Wield Keyboard To Split The Album Lists – Dan Jackson’s Song Of The Year


With the end of 2014 quickly approaching, most music writers – myself included – have been busy agonizing and wailing over the order and participants for their year-end lists. In my experience, metal — much more so than with pop or hip hop music — is much more album-driven than single-driven. As a result, it stands to reason that the vast majority of year-end retrospectives are written about whole albums rather than individual songs. As a change of pace, I’ve decided it would be good to highlight a single song. A song that stood apart from all others. The best song of the year: Primordial’s ‘Wield Lightning to Split the Sun’ from Where Greater Men Have Fallen.

What struck me immediately is just how self-assured the song sounds. It’s as if Primordial knew they were crafting something incredibly special and timeless as they were writing and arranging it. The song opens with tom drums pounding and acoustic guitars, clanging with strength, passion and poise, all of which are defining characteristics of the band as a whole. It’s all very simple musically, but it also does a tremendous job of setting the stage, and building to that early cathartic release once the rest of the band join at full volume.

The tempo and rhythm of the song would have fit in well on Borknagar’s The Archaic Course, which would make this track somewhat atypical when held up next to a discography that features a lot of triplet-based 12/8 and 3/4 signature songs, but that only helps it stand out from an already impressive songbook. The rhythm guitars focus around only a couple of refrains for the entirety of the song’s seven-plus minutes, while the leads add variety by alternating octave melodies and floating, the slower soloing meant for melodic enhancement rather than showing off technical skill. Now, I’ll admit that, based on the purposely dry description I’ve just provided, ‘Wield Lightning to Split the Sun’ might seem rather unremarkable. It’s true that all of the individual components I’ve just provided could be used to describe any number of songs throughout rock n’ roll history. What I aim to show is that the musical qualities that make this song special are more abstract than quantifiable. The magic of ‘Wield Lightning to Split the Sun’ instrumentally is in its ability to stir the imagination with a relatively simple tune. Simplicity is the song’s overall theme, in a way.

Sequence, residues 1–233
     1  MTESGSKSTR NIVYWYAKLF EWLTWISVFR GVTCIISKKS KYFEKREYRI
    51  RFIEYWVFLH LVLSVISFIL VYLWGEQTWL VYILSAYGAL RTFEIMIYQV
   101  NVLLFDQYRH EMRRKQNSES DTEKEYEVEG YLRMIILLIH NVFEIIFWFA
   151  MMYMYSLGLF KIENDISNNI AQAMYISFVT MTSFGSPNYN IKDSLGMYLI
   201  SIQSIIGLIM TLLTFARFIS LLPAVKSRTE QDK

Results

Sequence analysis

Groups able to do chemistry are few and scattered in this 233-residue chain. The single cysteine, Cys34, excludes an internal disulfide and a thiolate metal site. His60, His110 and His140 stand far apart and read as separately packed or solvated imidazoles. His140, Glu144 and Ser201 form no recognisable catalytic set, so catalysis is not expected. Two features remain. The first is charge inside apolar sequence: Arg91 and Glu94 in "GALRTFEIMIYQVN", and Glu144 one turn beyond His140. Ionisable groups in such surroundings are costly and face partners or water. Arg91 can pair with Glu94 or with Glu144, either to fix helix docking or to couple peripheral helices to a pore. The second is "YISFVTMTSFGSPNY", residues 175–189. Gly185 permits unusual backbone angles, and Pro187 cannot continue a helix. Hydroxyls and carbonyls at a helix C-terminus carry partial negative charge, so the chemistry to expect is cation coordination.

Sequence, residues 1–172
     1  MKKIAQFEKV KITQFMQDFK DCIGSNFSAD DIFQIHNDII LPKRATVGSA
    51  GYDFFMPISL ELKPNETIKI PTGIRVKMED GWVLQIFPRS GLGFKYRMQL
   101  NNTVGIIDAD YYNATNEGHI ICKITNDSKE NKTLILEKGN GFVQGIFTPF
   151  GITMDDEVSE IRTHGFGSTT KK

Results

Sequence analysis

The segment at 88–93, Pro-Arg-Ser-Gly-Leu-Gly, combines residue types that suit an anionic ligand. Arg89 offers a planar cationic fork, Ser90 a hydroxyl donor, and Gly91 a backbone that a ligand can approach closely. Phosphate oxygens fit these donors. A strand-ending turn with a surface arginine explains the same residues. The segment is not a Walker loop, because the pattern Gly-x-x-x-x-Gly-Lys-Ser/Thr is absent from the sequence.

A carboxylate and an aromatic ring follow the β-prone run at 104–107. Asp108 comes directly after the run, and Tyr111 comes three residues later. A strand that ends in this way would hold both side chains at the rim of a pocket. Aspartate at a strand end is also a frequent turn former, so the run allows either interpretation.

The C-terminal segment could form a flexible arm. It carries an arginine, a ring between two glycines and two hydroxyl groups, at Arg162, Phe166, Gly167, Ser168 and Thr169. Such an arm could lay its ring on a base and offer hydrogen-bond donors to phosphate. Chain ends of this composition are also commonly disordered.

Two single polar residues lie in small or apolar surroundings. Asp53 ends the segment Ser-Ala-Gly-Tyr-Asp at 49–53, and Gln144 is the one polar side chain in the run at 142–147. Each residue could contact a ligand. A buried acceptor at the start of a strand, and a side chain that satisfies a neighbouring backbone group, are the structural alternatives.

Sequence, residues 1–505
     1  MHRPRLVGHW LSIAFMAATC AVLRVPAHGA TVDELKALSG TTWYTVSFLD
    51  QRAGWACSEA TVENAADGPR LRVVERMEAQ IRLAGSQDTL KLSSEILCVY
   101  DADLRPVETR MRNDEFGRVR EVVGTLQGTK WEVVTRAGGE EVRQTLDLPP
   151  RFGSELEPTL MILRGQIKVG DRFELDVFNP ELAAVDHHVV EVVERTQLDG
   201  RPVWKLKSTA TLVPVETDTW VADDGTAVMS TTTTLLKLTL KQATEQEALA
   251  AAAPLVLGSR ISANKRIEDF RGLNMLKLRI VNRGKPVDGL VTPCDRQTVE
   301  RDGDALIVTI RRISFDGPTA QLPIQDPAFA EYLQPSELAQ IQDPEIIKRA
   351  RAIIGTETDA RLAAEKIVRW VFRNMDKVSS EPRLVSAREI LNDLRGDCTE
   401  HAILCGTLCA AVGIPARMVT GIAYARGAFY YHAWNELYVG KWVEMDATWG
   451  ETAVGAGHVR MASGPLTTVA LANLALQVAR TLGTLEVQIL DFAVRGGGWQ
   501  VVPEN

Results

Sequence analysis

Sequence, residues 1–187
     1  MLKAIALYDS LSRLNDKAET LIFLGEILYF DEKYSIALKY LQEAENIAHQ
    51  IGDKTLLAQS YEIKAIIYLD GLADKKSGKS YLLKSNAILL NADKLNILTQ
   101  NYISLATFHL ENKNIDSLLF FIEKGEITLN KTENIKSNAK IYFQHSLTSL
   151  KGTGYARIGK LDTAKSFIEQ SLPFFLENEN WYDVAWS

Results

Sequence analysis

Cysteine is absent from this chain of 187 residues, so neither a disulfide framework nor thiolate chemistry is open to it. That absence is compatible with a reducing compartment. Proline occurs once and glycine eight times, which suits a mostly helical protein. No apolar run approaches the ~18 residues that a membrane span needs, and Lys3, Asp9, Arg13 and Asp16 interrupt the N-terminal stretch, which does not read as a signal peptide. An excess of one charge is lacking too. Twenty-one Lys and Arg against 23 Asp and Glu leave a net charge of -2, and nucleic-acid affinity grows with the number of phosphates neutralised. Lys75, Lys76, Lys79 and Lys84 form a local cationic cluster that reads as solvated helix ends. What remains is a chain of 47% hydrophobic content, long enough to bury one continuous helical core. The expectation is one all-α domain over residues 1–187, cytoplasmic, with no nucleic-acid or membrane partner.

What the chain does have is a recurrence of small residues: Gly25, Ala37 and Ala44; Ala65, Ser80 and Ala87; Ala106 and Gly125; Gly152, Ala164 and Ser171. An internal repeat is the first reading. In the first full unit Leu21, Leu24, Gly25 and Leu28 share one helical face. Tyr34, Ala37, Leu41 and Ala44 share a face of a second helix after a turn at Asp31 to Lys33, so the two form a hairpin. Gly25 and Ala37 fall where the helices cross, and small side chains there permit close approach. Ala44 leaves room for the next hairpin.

Lyrically, Primordial outshines virtually all of heavy metal. Vocalist A.A. Nemtheanga has an incredible talent for coming up with meaningful and sometimes even gut-wrenching words to accompany the music, which is already at a high emotional potency. With ‘Wield Lightning to Split the Sun’, he makes a compelling case that modern life is made more difficult than it needs to be. [1] Initially, I thought that perhaps these lyrics might be interpreted as expressing a spiritual tie with nature, but instead it’s a separation from spirituality and a pragmatist’s belief in the simple joys of nature that guide this song. In that way, ‘Wield Lightning to Split the Sun’ has served as a reminder that the absence of the esoteric does not indicate an absence of profundity.

A lot of A.A. Nemtheanga’s lyrics warrant discussion and interpretation. Whether that means deciphering them incorrectly, as I had originally, or even just reading the way he explains his meaning; the point is that his words deserve reflection, which is disappointingly rare in extreme metal. 2014 is a year in which, more than ever, the shock and resonance of theistic satanism and blasphemy have been greatly diminished. Death and violence are now generic methods of lyrical self-expression and catharsis. It all seems so trite, as the world becomes ever-more jaded and cynical. Or, perhaps it’s just a matter of getting older. A.A. Nemtheanga found himself embracing a ‘harsh pragmatism’ with age, which is easy to understand. What’s difficult is relating to someone screaming about their hatred of Christ, or any other divinity, when there’s plenty to be worried or angry about in the real, physical world. The here and now is cruel enough without the hereafter. ‘Wield Lightning to Split the Sun’ is a song about finding some joy in the world in spite of the pervasive cruelty that resonates in a jaded and cynical world. That is why this song is the best song of 2014.

Who would pray to anything but the mountain
And wish for anything but lightning to split the night
Who would praise anything but the sun above
That brings each dawn and our radiant day

What man places faith in his heart
Above the animal that rages deep inside
What man asks forgiveness yet
Lies to himself his whole life

Let the animal hunt on the mountainside
And let lightning split my heart in two
Let me howl at the moon with desire
And stretch my arms wide to embrace the sun
Return to the earth that bore me
For there is nothing more

1. An interview with Nemtheanga of Primordial


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